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Adobe Lightroom 2020: The Ultimate Guide Bootcamp

Lesson 9 of 116

Hardware for Lightroom


Adobe Lightroom 2020: The Ultimate Guide Bootcamp

Lesson 9 of 116

Hardware for Lightroom


Lesson Info

Hardware for Lightroom

now, um, one thing that you should know, Um and that is that light room is a ram and a graphics Ah, card and a processor hog. So light room classic uses all three of those things. So if you find that the process of building smart previews building previews, exporting images Ah, that kind of activity is really difficult for your computer because it's slowing it down. There are three places you need to look. First, you need to look at your ram. Do you have enough RAM? 32 gigabytes around 64 gigabytes around. None of those are, uh, overkill. So if you could get 64 gets 64. If you can get 28 128 the more ram you have, the better off you'll be. So that's the first thing. Second thing speed of a hard drive, wherever your catalog is, should be a fast, hard drive, so make sure that you are working on the fastest possible hard drive. So we're going to have lots of RAM fast, hard drive. So a, uh, SSD drive is better than a spinning drive, so catalogues should not be on spinning drives So put yo...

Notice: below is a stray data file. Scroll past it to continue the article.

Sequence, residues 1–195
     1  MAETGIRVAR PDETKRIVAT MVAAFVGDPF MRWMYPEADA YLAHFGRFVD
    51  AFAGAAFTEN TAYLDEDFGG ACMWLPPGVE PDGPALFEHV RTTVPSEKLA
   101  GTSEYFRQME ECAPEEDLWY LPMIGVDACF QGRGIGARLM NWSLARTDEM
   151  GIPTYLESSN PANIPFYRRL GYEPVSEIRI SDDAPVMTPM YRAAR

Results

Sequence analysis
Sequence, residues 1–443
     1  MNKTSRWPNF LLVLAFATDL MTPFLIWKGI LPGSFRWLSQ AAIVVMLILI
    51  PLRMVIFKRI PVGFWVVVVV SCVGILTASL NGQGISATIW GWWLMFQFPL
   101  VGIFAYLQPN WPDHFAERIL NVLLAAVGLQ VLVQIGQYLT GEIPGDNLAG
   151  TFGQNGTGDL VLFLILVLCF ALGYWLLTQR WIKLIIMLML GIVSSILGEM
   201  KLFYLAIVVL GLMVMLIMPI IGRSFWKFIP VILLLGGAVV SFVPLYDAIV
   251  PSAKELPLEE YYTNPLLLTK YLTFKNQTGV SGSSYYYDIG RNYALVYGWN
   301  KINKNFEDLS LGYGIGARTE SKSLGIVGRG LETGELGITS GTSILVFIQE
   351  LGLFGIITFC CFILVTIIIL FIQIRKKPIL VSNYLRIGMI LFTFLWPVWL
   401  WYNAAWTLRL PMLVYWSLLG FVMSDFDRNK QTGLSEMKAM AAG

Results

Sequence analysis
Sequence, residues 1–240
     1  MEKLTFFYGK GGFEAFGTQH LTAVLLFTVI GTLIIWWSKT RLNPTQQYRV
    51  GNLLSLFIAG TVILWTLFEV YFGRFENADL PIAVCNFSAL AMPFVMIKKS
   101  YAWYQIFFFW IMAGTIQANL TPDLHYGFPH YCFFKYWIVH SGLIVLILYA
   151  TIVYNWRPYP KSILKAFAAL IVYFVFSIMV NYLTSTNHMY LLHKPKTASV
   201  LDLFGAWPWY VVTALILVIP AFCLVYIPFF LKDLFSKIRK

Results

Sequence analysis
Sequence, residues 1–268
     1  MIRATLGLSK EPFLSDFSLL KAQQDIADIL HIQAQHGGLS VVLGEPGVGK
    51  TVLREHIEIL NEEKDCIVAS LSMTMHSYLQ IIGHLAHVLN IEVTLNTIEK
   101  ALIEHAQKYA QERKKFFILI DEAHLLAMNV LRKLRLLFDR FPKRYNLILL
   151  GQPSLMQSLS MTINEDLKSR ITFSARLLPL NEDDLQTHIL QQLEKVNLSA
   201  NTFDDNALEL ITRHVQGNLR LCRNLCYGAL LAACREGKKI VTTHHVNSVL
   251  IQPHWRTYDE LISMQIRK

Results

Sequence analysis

ur catalogue on the internal drive. The fastest possible connection to a solid state drive is where you want your catalog to be. So that's the second thing is that you need a really fast, hard drive. So lots of ram fast, hard drive. The next thing is a good graphics processor, so you want an actual dedicated graphics processors something that is really good. So, for instance, this laptop is fairly good at running light room because it has two graphics processors in it. One of them is specific to allow the program to use, and the other one is doing the monitor stuff and all that. So there's two graphics processors, and if you get a laptop that only has one in it and it's just kind of a general graphics processor, you're probably gonna have issues with slowness in light room because you don't have a dedicated graphics processor that's actually doing work. Four Light room. It's just trying your graphics processors too busy working the monitor. So that's another thing that will help you. And then, of course, this the speed of your computer itself on. And for those of you who are knowledgeable about computers. There are two things now in these days with computers. There's how many cores are in your system, and then the clock speed of the system and light room cares more about the clock speed. Not all that much about the course. So if you're choosing a computer right now and you're like, what computer should I get to one run light room? You're really options. Should be. Get a high clock speed. Don't worry about the course. Yeah, you know, get as many quarters you like or whatever, but half those course aren't gonna be used by light room. So don't worry about getting all of these cores. That's not gonna help you if you're doing other stuff, maybe, but light room? No. So what you want is doesn't matter about the course. You want a high clock speed, you want lots of ram, You want fast, solid state hard drive, and you want to make sure that you have a good graphics processor that is dedicated toe work on on programs rather than just running the monitor on DSO. In this case, it's a pretty good system. This is This is a fairly new Mac book pro, but I have something else that helps me. And that is this unit right over here on the right hand side of me. Um, is a e g p you. It's an external graph graphics processor. And so, if you notice that your light room is a little too slow for your tastes, then get yourself an E GPU. They're not super expensive. They just simply plug into your computer and they actually take away some of the of the graphics heavy stuff and they pull some of that off. But if you're gonna do it, let me show you really quickly. You need to go into your hard drive and into the applications and inside of your applications. If this is on Mac, I don't know exactly how you do this on Windows, but I'm sure you'll figure it out. If you're a Windows person, um, you simply click on the actual, uh, icon for the program and click command I to get info and you'll find an option right here. Once you have a GPU installed. Any GPU, it says, prefer external GPU. I have just told light room that whenever you're working, you should send your workload off to the IGP you, the external graphics processor, so that I'm not hogging up all my space here inside of the computer. So my computer can be working on what it needs to be working on, and it can send tasks out to an external graphics processor. So if you have an older computer and you're like, oh, light room slowing down, I needed to be faster. You could do that. You can get light room to speed up, and you don't have to necessarily buy a new computer. Just get yourself any GPU. Plug it in. It's a lot less expensive than buying a new computer, and you'll find that you it relieves some of the tension on the internal processing in your computer. So that's just some good tips on speed on, and you'll notice the speed differences a lot when you're exporting and importing files. And that's why I tell you now, because importing is quite a hog on your computers processors, both graphics processors and your internal processor